Vectors: Ticks

Vectors: Ticks

R A I NORVAL AND I G HORAK

Introduction

Ticks are of great economic importance as vectors of several diseases of domestic livestock and of commercially farmed wildlife in sub-Saharan Africa. Globally, 690 species and subspecies of ixodid ticks are recognized, and slightly more than 200 of these are present in the Afrotropical region.27 In addition, 37 of the 179 species or subspecies of argasid ticks occur here.27

Only a small number of ticks are major vectors of diseases or causes of toxicoses in this region. These are Amblyomma hebraeum, Amblyomma variegatum, Boophilus decoloratus, Boophilus microplus, Hyalomma dromedarii, Hyalomma truncatum, Ixodes rubicundus, Rhipicephalus appendiculatus, Rhipicephalus evertsi evertsi, Rhipicephalus zambeziensis and argasid ticks of the Ornithodoros moubata/porcinus complex. However, several other species also serve as vectors, but to a lesser degree or in a more geographically localized context.

It is customary to consider domestic animals as the preferred hosts of those tick species that transmit diseases to them. However, the only ticks that nearly exclusively parasitize these animals are the introduced Asiatic blue tick, Boophilus microplus, of cattle; the shiny Hyalomma, Hyalomma detritum, of North Africa; and the cosmopolitan kennel tick, Rhipicephalus sanguineus, of domestic dogs. The vast majority of indigenous ticks in the sub-Saharan region are parasites of wildlife, and indeed a large number of species would be unable to complete their life cycles if there were no wild hosts available. Many of the tick species deemed to be parasites of domestic cattle, sheep, goats, horses and pigsare frequently more abundant or prevalent on equivalently sized or even smaller wild animals.

Thus giraffe (Giraffa camelopardalis), African buffalo (Syncerus caffer) and eland (Taurotragus oryx) are excellent hosts of all stages of development of A. hebraeum and A. variegatum; impala (Aepyceros melampus), eland, bushbuck (Tragelaphus scriptus), greater kudu (Tragelaphus strepsiceros) and sable antelope (Hippotragus niger) of B. decoloratus; giraffe, African buffalo and eland of adult Hyalomma marginatum rufipes and H. truncatum; caracal (Caracal caracal) and mountain reedbuck (Redunca fulvorufula) of adult I. rubicundus; African buffalo, eland, male nyala (Tragelaphus angasii), greater kudu and sable antelope of all stages of development of R. appendiculatus; zebra (Equus spp.) and eland of all developmental stages of R. evertsi evertsi; zebra, black rhinoceros (Diceros bicornis), eland and gemsbok (Oryx gazella) of Rhipicephalus pulchellus; large carnivores, zebra and wild suids of adult Rhipicephalus simus; impala and greater kudu of all stages of R. zambeziensis; and warthog (Phacochoerus africanus) of ticks of the O. moubata/porcinus complex. Gerbilline rodents are hosts of the immature stages of H. truncatum and murid rodents the preferred hosts of those of R. simus. Scrub hare (Lepus saxatilis) are preferred hosts of all parasitic stages of Rhipicephalus warburtoni, as well as the immature stages of H. marginatum rufipes and H. truncatum. They are also good hosts of the immature stages of A. hebraeum, R. appendiculatus, R. evertsi evertsi, R. pulchellus and R. zambeziensis. Rock elephant shrews (Elephantulus myurus) are excellent hosts of the immature stages of I. rubicundus and of R. warburtoni. Helmeted guinea fowl (Numida meleagris) and leopard tortoise (Geochelone pardalis) are good hosts of the immature stages of A. hebraeum, and ground-frequenting birds of those of H. marginatum rufipes.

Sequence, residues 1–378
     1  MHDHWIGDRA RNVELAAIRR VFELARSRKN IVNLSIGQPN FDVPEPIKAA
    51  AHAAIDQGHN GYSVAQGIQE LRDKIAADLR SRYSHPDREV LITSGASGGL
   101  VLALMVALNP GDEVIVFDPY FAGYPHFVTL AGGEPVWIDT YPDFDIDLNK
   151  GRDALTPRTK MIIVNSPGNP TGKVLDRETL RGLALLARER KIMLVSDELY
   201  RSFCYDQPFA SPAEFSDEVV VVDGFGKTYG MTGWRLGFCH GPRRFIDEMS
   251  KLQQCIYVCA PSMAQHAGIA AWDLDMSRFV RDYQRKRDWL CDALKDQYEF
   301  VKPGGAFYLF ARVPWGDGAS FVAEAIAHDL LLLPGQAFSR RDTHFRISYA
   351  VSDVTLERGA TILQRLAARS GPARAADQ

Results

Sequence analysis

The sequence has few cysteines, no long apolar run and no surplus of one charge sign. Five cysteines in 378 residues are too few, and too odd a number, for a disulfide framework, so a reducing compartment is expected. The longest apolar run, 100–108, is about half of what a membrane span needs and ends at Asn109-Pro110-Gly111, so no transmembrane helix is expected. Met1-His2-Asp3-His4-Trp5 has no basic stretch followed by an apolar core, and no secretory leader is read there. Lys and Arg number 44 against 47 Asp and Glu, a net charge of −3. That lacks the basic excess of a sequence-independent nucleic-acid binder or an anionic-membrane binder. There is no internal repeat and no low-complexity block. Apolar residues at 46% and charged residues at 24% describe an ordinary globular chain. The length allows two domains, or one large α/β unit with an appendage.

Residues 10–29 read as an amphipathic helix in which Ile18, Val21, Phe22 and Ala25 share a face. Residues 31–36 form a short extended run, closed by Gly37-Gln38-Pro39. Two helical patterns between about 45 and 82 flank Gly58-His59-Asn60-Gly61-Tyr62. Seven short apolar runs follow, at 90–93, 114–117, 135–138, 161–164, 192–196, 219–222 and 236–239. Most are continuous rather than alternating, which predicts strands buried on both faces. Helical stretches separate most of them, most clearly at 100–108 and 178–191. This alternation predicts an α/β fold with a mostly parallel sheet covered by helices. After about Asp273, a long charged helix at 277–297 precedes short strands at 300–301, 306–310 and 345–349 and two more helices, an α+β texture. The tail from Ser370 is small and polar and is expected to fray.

The diseases of major economic importance affecting cattle and transmitted by these and other ticks are heartwater, babesiosis, anaplasmosis, the theilerioses caused by various strains of Theileria parva, and tropical theileriosis. Of lesser importance in cattle are the generally non-pathogenic mild theilerioses, spirochaetosis, benign anaplasmosis, benign babesiosis and bovine ehrlichiosis. Sheep and goats are susceptible to the organisms causing heartwater, anaplasmosis, theileriosis, spirochaetosis, and to the virus causing Nairobi sheep disease.

Horses, mules and donkeys are affected by equine piroplasmosis as well as by spirochaetosis, and pigs by porcine babesiosis and African swine fever. In addition to transmitting infectious diseases to livestock, some tick species are also associated with toxicoses such as sweating sickness, paralysis (e.g. Karoo paralysis, spring lamb paralysis) and brown ear-tick toxicosis, or with bovine dermatophilosis. Several wild ruminant species are susceptible to Ehrlichia ruminantium, the causal organism of heartwater or cowdriosis, or can act as carriers of this organism (see Heartwater). Some are also susceptible to certain Theileria spp., while zebra are susceptible to Babesia caballi and Theileria equi, the cause of equine piroplasmosis, and wild suids to Babesia trautmanni, the cause of porcine babesiosis, and to infection with the virus of African swine fever.

Ixodid ticks are also important vectors of several organisms causing disease in humans in sub-Saharan Africa. These are Rickettsia conori, the cause of tick-bite fever or tick typhus; Coxiella burnetii, the cause of Q-fever; and the virus causing Crimean-Congo haemorrhagic fever. In addition, argasid ticks of the Ornithodoros moubata complex can transmit Borrelia duttoni, the cause of African relapsing fever, to humans.

The known...

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